Mechanical Conversions Oil Extraction & Size Reduction 
Mechanical Conversions Oil Extraction & Size Reduction
by OSU
Video Lecture 10 of 25
Not yet rated
Views: 612
Date Added: April 19, 2016

Lecture Description

Mechanical conversions include crushing oily biomass, densification, chipping & grinding, and drying. This is an especially important conversion because biomass is a solid and that means it almost always has to be turned into a different kind of solid, liquid, or gas to be used. This is much much harder from a conversion perspective than the challenges you face when your feedstock is a liquid or a gas.

Consider the changes a tree has to go through to become a piece of paper. Sure chemical reactions are used to make the pulp, but otherwise 90% of the entire process from tree to paper is mechanical and it is very complicated and expensive. Unfortunately many new bioenergy companies overlook the importance and challenges of mechanical conversion and it leads to their downfall. A good understanding of mechanical conversions is an important part of understanding how to utilize biomass for bioenergy.

Turning low density unpredictable biomass into high density predictable biomass makes a better fuel and allows us to make better wood stoves and engineer more advanced wood heating systems. Densification has become an extremely important part of the bioenergy community – we now ship hundreds of millions of dollars in wood pellets to Europe every year.Turning big biomass into small biomass is absolutely required. Trees have to reduced in size to be transported and logs have to be reduced in size to be used for building. In the bioenergy world this dramatically increases the price of the biomass, but it is a cost that must be paid to use biomass.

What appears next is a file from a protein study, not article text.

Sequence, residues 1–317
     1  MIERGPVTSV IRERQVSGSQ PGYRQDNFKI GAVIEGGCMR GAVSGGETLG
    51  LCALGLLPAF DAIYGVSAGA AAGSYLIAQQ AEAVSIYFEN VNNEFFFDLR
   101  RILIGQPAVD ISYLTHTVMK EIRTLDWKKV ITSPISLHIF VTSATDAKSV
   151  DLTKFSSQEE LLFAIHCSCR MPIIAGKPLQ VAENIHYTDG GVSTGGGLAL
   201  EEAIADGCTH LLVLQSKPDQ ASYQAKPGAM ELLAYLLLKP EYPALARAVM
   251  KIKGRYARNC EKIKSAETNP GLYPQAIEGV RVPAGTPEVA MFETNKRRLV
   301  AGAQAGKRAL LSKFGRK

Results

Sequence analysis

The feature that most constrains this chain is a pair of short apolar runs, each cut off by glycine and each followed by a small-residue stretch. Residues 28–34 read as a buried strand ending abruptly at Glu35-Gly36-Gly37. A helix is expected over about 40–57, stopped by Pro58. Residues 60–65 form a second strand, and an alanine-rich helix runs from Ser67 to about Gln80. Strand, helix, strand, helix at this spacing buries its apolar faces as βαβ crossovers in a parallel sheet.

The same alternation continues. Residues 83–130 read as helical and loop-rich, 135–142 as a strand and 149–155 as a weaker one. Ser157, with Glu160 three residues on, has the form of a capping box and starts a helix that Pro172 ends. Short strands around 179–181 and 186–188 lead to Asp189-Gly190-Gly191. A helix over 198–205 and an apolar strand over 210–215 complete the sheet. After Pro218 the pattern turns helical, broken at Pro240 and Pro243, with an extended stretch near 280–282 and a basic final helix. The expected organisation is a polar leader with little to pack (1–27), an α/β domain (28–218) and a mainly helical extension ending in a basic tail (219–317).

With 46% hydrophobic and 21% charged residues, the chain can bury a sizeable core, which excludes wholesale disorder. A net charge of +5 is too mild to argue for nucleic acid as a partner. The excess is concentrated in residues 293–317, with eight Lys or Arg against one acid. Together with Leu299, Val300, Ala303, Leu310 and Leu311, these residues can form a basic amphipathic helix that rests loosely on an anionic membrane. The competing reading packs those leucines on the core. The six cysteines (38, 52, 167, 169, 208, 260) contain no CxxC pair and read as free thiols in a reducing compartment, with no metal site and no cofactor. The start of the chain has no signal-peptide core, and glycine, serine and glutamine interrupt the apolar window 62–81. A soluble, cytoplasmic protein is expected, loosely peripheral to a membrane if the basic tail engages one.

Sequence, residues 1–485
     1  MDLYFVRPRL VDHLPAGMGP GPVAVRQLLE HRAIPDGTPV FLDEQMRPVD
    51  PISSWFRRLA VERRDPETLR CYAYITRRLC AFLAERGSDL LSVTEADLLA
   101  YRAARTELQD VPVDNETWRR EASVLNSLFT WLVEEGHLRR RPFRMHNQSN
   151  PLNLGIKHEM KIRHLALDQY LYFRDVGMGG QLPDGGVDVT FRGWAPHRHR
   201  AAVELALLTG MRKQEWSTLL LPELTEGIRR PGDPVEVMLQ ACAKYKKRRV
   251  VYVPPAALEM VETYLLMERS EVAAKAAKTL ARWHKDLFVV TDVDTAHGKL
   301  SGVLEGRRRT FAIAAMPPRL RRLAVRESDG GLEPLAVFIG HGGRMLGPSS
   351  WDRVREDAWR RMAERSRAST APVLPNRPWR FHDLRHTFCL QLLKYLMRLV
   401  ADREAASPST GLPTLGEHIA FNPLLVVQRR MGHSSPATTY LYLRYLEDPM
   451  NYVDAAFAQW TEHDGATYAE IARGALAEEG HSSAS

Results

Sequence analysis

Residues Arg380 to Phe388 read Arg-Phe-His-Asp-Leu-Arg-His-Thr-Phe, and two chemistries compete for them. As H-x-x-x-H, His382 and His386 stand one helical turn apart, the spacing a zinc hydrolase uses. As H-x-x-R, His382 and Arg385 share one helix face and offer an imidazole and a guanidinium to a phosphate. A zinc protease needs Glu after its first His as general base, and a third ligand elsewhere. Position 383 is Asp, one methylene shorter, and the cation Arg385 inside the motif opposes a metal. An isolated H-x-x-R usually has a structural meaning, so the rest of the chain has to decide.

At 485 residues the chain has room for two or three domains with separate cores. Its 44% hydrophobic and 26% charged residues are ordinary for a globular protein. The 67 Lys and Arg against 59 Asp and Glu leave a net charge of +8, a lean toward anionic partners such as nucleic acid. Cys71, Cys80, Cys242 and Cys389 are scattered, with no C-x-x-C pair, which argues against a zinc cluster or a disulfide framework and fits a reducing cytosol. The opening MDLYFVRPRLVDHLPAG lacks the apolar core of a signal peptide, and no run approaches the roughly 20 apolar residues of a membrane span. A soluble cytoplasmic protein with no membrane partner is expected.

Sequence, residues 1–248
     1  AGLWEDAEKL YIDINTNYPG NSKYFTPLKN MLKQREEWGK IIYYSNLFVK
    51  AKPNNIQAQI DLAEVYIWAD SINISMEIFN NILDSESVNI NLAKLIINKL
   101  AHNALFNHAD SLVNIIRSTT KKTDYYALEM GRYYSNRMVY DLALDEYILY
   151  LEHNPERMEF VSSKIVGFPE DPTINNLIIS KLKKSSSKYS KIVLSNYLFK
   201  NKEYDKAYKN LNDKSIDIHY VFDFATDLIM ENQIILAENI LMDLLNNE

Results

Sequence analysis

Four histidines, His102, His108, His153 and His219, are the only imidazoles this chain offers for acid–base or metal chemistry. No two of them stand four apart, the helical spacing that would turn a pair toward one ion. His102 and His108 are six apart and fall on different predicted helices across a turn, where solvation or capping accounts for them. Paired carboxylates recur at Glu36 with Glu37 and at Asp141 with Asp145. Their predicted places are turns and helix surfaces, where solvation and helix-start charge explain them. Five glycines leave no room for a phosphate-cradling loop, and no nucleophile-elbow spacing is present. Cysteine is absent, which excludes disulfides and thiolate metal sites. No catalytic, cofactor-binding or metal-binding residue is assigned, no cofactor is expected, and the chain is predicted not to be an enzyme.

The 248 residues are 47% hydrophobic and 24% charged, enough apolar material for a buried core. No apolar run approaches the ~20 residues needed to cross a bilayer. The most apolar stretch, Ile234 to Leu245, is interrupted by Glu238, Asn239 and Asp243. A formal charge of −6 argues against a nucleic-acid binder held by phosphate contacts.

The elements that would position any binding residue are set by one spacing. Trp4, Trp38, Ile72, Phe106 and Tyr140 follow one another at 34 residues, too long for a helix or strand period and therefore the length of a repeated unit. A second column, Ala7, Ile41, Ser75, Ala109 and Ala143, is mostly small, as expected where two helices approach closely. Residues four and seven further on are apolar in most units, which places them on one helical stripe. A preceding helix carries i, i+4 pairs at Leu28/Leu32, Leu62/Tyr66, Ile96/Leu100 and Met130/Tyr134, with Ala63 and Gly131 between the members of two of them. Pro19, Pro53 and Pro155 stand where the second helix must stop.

If you are interested in receiving the written slide notes for each lecture, please contact the USDA supported Advanced Hardwood Biofuels Northwest project at; [email protected]

An associated online E-campus course is also offered at Oregon State University;

Advanced Hardwood Biofuels Northwest is supported by Agriculture and Food Research Initiative (AFRI) Competitive Grant no. 2011-68005-30407 from the USDA National Institute of Food and Agriculture (NIFA)

Course Index

Course Description

This series contains 25 short lectures, each between 10 and 15 minutes long. The content in these lectures is flexible and can be used in a variety of ways to communicate bioenergy concepts to audiences from diverse backgrounds. An important objective of this series is to present facts about bioenergy and biofuels, and use them to explore misconceptions.


There are no comments. Be the first to post one.
  Post comment as a guest user.
Click to login or register:
Your name:
Your email:
(will not appear)
Your comment:
(max. 1000 characters)
Are you human? (Sorry)